Bourdais shakes off Vegas rust, storms Long Beach
After a disastrous 2007 start in Vegas, Sebastien Bourdais returned to championship form Sunday, winning the Toyota Grand Prix of Long Beach for the third straight time, writes John Oreovicz.
LONG BEACH, Calif. -- After crapping out in the Champ Car opener a week ago in Las Vegas, Sebastien Bourdais finally kicked off his campaign for a fourth consecutive series championship with a dominant victory in the Toyota Grand Prix of Long Beach.
At Las Vegas, Bourdais crashed in qualifying and again in the race in one of the worst weekends in memory for Newman/Haas/Lanigan Racing. But it looked like old times Sunday as Sea-Bass drove his red McDonald's car into the distance.
"I couldn't feel any worse after Vegas and making all those mistakes," Bourdais said after leading 58 of 78 laps. "We took small steps and it paid off this weekend. We got ourselves back together and we didn't panic. Many teams could have blown up or fell apart, but we didn't and I'm proud of that.
"The guys worked past midnight and then they were up at 4 a.m. to come back this morning," he added. "Our team effort was rewarded today and I really enjoyed the ride."
It looked like a pretty easy ride for Bourdais, who sped away from Power in the early going. The Australian threw away his chance to challenge for victory when he botched a Lap 12 restart and lost second place to Alex Tagliani.
"It was a terrible restart," Power confirmed. "I made a mistake and lost a spot to Tagliani fighting for first gear. That just totally finished my race. That was it and it ruined a good race because I was just coasting and I think for sure we had a good enough car to keep with Sebastien."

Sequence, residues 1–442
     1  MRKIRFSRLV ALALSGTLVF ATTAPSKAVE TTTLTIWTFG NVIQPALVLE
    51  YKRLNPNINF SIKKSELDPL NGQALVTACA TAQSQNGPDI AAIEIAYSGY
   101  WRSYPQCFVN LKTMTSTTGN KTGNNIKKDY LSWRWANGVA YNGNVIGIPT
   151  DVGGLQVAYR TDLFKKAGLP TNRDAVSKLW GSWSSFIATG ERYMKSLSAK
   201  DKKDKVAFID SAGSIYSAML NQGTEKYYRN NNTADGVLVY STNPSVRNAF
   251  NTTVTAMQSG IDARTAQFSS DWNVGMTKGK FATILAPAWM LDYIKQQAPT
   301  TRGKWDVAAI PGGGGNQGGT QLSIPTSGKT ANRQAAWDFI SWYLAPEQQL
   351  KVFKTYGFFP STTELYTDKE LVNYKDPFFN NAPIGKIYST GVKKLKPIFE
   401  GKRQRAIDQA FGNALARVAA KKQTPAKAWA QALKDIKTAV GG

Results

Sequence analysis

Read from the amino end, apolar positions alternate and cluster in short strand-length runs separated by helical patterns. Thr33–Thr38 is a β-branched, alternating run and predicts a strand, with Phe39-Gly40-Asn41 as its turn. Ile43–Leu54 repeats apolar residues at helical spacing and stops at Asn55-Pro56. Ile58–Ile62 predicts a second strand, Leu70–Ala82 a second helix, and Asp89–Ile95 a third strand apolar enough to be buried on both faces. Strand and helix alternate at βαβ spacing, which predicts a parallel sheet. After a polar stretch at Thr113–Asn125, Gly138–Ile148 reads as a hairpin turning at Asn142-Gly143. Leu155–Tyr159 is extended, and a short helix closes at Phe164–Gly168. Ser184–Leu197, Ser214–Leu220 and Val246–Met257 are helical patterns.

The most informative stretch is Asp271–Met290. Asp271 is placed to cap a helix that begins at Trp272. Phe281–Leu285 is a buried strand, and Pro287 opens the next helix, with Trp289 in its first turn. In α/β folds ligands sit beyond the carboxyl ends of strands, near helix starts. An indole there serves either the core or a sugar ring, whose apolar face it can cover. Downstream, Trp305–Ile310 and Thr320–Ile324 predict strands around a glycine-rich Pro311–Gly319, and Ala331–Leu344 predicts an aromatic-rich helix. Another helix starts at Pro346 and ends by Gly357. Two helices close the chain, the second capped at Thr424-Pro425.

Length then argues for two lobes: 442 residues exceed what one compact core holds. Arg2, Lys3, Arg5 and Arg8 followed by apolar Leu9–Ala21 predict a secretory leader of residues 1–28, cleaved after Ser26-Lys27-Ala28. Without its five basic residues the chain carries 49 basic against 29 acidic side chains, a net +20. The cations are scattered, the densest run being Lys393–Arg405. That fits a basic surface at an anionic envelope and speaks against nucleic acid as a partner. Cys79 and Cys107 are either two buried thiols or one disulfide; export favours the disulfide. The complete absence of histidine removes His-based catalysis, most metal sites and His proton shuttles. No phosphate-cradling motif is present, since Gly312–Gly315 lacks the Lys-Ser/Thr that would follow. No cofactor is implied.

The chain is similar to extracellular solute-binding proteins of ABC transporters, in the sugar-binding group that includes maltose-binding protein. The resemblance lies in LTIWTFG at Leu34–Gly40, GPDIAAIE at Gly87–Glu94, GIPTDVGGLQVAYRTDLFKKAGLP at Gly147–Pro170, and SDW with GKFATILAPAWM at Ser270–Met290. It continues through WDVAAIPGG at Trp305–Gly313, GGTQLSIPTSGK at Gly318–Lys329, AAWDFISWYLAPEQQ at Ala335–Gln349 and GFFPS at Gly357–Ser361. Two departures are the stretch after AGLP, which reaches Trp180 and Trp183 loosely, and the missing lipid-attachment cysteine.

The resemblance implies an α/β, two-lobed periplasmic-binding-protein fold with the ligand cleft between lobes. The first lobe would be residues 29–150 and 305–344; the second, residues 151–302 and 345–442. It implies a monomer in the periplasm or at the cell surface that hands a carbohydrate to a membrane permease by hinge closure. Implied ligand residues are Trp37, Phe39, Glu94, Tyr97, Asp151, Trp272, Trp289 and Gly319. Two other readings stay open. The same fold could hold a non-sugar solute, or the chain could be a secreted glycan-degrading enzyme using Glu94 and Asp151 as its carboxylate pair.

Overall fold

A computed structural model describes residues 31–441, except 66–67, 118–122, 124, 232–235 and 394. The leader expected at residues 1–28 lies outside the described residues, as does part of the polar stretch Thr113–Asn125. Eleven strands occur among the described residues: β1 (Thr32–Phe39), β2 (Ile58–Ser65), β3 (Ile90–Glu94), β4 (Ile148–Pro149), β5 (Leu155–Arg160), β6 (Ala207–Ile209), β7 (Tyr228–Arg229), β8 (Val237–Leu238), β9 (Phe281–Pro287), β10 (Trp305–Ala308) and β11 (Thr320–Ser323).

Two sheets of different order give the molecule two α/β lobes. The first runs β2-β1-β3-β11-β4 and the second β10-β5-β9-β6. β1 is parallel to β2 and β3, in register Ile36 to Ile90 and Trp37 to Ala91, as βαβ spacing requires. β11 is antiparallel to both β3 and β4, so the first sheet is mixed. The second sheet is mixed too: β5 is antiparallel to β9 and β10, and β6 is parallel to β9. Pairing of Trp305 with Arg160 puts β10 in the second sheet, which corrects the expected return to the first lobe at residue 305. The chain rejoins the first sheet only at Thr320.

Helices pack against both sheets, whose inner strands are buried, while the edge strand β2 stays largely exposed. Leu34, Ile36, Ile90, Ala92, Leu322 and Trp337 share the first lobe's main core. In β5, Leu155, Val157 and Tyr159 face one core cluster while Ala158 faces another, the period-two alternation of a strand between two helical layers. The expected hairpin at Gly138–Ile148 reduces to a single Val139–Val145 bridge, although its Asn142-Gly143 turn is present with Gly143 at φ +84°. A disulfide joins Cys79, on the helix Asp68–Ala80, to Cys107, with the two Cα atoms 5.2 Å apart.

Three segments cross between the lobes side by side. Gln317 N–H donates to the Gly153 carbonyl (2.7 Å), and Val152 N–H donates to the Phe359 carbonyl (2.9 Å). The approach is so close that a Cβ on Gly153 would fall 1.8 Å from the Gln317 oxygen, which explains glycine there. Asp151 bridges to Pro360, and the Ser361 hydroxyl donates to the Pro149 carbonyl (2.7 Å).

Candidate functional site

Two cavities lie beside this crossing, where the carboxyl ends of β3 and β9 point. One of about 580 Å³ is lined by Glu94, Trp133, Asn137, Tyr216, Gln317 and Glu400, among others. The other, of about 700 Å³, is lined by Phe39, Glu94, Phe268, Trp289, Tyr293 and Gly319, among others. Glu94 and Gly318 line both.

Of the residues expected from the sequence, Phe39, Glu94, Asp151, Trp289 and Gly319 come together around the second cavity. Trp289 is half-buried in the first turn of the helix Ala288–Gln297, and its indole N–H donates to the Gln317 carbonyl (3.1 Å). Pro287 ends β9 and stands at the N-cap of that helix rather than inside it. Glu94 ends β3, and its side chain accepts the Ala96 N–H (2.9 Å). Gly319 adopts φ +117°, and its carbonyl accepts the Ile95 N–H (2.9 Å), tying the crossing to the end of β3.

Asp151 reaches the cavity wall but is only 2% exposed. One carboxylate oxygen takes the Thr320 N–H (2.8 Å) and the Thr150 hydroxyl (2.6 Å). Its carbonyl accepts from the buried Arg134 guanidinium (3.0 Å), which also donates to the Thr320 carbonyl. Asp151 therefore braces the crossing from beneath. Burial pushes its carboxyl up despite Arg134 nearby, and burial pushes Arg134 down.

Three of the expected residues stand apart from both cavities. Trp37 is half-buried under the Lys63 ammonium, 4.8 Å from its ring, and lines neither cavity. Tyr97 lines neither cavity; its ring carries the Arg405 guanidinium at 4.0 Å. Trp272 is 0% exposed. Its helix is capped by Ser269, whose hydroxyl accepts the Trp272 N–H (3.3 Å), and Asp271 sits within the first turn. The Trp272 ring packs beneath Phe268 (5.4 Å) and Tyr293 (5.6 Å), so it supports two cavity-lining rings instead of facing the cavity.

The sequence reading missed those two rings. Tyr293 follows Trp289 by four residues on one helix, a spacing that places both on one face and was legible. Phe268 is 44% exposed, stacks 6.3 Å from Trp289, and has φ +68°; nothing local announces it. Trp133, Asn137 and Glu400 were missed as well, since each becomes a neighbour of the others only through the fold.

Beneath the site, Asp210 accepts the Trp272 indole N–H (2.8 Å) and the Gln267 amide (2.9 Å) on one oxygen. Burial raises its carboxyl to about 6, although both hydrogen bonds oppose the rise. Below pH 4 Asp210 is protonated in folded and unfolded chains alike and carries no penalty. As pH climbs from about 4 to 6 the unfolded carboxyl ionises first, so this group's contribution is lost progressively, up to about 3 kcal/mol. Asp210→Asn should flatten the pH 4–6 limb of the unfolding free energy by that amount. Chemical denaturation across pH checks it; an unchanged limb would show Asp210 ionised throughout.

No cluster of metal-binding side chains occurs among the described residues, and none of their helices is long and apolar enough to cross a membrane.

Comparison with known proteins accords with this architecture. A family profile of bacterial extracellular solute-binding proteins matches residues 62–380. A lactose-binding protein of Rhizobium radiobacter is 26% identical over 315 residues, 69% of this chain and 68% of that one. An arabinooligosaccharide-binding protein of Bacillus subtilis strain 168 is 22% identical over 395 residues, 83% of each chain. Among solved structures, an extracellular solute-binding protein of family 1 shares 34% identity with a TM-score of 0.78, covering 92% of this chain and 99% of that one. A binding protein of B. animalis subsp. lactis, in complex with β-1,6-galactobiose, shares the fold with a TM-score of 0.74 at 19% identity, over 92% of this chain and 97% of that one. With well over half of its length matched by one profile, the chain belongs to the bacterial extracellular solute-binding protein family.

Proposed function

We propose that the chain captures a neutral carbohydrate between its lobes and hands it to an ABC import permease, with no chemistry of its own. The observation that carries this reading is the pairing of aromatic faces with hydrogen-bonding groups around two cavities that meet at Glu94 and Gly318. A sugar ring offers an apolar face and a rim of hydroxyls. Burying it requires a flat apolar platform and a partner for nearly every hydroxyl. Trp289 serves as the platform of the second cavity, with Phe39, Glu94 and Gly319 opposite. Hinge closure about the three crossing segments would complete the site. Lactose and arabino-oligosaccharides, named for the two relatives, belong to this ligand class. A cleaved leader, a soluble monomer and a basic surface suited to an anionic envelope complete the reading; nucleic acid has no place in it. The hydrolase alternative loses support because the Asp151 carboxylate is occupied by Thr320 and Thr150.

Servia was one of a handful of drivers who pitted during the Laps 9-11 yellow (for Mario Dominguez's spin), and when the majority of the field had to make green-flag pit stops between Laps 28 and 32, Oriol found himself in second place. Not bad for a guy who started the weekend on the sidelines before being drafted by Forsythe Racing to replace Paul Tracy, who was injured in a Saturday morning practice crash.
In fact, Servia produced the drive of the race by maintaining his strategy-driven, second-place finish after qualifying 14th.
"I'm just very happy," he said. "I knew the car was going to be good and I knew the team was good. I knew if I wasn't too rusty that I could be competitive. We needed a good second pit stop and the team performed 100 percent.
"In Vegas it was very hard to walk around without a ride, but the fans kept my energy and motivation up. Obviously I hope Paul gets back soon, and I hope I find another ride."
A caution for rookie Simon Pagenaud's spin cost Bourdais his big margin, but the Newman/Haas/Lanigan crew maintained the Frenchman's lead in the final round of pit stops. A final caution and subsequent restart allowed Power to finally nip past Tagliani at the start of the final lap. Tagliani dropped to fifth on the final lap when he was passed by R-SPORTS teammate Justin Wilson.
"I had a really quick car but it's so hard to pass here," Power said. "It was a busy day sitting behind cars all day, but we got good points and another podium. It's important to be consistently quick and that's what we are. We have the car sorted out.
"But Sebastien is very good at saving fuel at this track and he's won this race three times. It's no surprise he won today."
For Bourdais, his 24th career Champ Car race win was more of a relief than anything. The new Panoz DP01 has certainly been a source of stress in the three-time series champion's life of late.
"The paddle shifter system -- when it works -- makes life easier," he said. "Everybody is a lot physically fresher when they get out of the car.
"But there are still quite a few things to be fixed and as we get to the races we keep discovering things. They're not always race-wrecking, but any time you get stuff breaking on the car it's not reassuring."
In general, the new Panoz spec car performed well at Long Beach and 14 of the 17 starters were running at the finish.
John Oreovicz covers open-wheel racing for National Speed Sport News and ESPN.com.